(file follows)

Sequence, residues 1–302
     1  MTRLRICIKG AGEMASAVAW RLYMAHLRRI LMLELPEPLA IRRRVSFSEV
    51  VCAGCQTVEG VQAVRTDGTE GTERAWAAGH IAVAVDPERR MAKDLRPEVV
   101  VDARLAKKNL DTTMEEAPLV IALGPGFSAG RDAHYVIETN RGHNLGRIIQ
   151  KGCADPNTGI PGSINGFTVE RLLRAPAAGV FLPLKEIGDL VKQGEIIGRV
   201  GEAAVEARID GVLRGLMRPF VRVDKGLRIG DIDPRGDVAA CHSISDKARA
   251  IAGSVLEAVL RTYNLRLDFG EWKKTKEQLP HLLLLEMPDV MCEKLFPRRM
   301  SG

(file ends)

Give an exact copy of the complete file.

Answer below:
Sequence, residues 1–302
     1  MTRLRICIKG AGEMASAVAW RLYMAHLRRI LMLELPEPLA IRRRVSFSEV
    51  VCAGCQTVEG VQAVRTDGTE GTERAWAAGH IAVAVDPERR MAKDLRPEVV
   101  VDARLAKKNL DTTMEEAPLV IALGPGFSAG RDAHYVIETN RGHNLGRIIQ
   151  KGCADPNTGI PGSINGFTVE RLLRAPAAGV FLPLKEIGDL VKQGEIIGRV
   201  GEAAVEARID GVLRGLMRPF VRVDKGLRIG DIDPRGDVAA CHSISDKARA
   251  IAGSVLEAVL RTYNLRLDFG EWKKTKEQLP HLLLLEMPDV MCEKLFPRRM
   301  SG